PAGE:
Article Text

Download PDFPDF

Cochrane corner: cardiac rehabilitation for people with heart disease
  1. Rod S Taylor1,
  2. Lindsey J Anderson2
  1. 1Institute of Health Research, University of Exeter Medical School, Exeter, UK
  2. 2Evidence Synthesis & Modelling for Health Improvement (ESMI), Institute of Health Services Research, University of Exeter Medical School, Exeter, UK
  1. Correspondence to Professor Rod Taylor, Institute of Health Research, University of Exeter Medical School, South Cloisters, St Lukes Campus, Heavitree Road, Exeter EX1 2LU, UK; r.taylor{at}

Statistics from

Request Permissions

If you wish to reuse any or all of this article please use the link below which will take you to the Copyright Clearance Center’s RightsLink service. You will be able to get a quick price and instant permission to reuse the content in many different ways.

Cardiac rehabilitation (CR) has been defined as: ‘the coordinated sum of activities required to influence favourably the underlying cause of cardiovascular disease, as well as to provide the best possible physical, mental and social conditions, so that the patients may, by their own efforts, preserve or resume optimal functioning in their community and through improved health behaviour, slow or reverse progression of disease’.1While exercise training is a cornerstone of CR, it is recommended that ‘comprehensive’ programmes also include education (eg, provision of information about a healthy lifestyle) and psychological intervention (eg, counselling to reduce stress).

The first systematic reviews and meta-analyses of CR were published more than 20 years ago, and reported a 20%–25% reduction in all-cause and cardiovascular mortality, pooling data from up to 22 randomised trials, comparing exercise-based CR and no-exercise control in over 4300 patients with postmyocardial infarction. In 2001, Jolliffe et al2 published the first Cochrane review of exercise-based CR, including 32 randomised controlled trials (RCTs) in 8440 patients with postmyocardial infarction and revascularisation. Since then, a further five Cochrane reviews of CR have been published—exercise-based rehabilitation for heart failure, home-based versus centre-based CR, psychological interventions for coronary heart disease, patient education in the management of coronary heart disease and promoting patient uptake and adherence in CR. The portfolio of Cochrane CR review remains dynamic with the publication of regular review updates.

The development of this portfolio of Cochrane reviews reflects many of the key areas of evolution in the model provision of CR, and how this model can vary across international healthcare jurisdictions. These include the shift from exercise training alone to comprehensive secondary prevention, including risk factor and dietary education and management of psychological factors; the broadening of the population of patients receiving CR services, including those with heart failure; and the development of alternative settings of CR delivery, including home provision alongside to the traditional supervised hospital-based or centre-based programmes and the need to focus the outcomes of CR to inform the needs of healthcare policy-makers (eg, rates of hospital admission, health-related quality of life and economic considerations).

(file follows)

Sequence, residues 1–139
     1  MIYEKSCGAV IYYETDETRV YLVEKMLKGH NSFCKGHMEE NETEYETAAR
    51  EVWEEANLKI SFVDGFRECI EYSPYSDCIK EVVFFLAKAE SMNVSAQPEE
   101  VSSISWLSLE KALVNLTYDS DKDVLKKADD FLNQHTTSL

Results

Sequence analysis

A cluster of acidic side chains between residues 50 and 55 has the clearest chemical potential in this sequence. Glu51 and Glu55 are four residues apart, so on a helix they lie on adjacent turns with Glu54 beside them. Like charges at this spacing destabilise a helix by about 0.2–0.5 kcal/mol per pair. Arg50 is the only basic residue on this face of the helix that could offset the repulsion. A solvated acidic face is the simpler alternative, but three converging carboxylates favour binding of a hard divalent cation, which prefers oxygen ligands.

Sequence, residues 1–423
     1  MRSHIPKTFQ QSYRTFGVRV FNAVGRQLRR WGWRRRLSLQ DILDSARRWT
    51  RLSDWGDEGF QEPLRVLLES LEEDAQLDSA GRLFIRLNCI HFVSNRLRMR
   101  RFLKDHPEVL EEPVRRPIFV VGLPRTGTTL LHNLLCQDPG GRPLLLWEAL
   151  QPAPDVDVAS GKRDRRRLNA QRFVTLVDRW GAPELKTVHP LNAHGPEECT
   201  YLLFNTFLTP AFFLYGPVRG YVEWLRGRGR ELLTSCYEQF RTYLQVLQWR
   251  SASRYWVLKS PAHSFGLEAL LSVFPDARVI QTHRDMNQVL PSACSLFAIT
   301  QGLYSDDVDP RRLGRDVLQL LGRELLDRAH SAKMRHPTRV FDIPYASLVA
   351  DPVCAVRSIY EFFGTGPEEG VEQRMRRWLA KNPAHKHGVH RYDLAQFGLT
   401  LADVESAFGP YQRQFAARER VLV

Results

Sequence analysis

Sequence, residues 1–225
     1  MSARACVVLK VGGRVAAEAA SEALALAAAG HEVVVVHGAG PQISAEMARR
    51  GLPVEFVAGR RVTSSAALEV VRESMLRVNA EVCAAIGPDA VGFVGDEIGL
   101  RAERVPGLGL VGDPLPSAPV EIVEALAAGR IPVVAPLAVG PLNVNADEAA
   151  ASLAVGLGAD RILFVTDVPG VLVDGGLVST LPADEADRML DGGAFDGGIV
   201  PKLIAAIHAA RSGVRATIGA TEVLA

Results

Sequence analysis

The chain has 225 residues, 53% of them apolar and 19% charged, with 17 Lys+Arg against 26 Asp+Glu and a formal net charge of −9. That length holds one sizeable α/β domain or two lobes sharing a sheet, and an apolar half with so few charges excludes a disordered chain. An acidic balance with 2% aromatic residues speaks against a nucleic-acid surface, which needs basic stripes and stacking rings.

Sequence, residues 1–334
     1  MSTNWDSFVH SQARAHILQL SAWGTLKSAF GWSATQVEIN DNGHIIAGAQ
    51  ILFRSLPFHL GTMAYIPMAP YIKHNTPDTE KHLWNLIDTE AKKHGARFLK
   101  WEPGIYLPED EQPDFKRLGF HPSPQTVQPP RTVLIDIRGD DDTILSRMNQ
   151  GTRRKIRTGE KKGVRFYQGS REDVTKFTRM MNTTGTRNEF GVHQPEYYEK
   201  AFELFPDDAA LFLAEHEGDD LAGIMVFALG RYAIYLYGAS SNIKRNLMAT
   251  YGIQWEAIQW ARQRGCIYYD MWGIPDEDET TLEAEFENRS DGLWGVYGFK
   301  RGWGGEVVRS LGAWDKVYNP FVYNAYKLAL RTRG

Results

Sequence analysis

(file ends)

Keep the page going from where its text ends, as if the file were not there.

Overviews are a relatively new approach to summarising evidence and synthesising results from multiple systematic reviews into a single document. By providing a single synthesis of all relevant evidence in a particular area, overviews are particularly useful for clinical and policy decision-making, providing a comprehensive ‘friendly front end’ to the evidence. Overviews can also help inform the strategic direction of conduct and structuring of future systematic reviews and also provide an opportunity to identify potential ‘evidence gaps’ informing areas in which new Cochrane reviews should be prioritised.

An overview was undertaken to provide a contemporary review of the evidence for CR3 (see table 1). The overview included six Cochrane reviews across 148 RCTs in 97 486 participants. Based on assessment using the R-AMSTAR tool, the six systematic reviews scored 35–41 (maximum score 44), and were, therefore, deemed of high methodological quality. The findings of the overview are summarised in table 2 in the format of GRADE summary of evidence table for each of the reviews. In brief, the overview findings are summarised as follows: compared with usual care alone (no exercise intervention), exercise-based CR reduces hospital admissions and improves participant health-related quality of life in those with low-to-moderate risk heart failure and coronary heart disease. At 12 months’ or more follow-up, there was evidence of some reduction in mortality in people with coronary heart disease; psychological-based and education-based interventions appear to have little impact on mortality or morbidity, but may improve health-related quality of life of those with coronary heart disease; home-based and centre-based programmes are equally effective in improving quality of life and have similar costs; and selected interventions can increase the uptake of CR programmes, but evidence to support interventions that improve adherence is weak.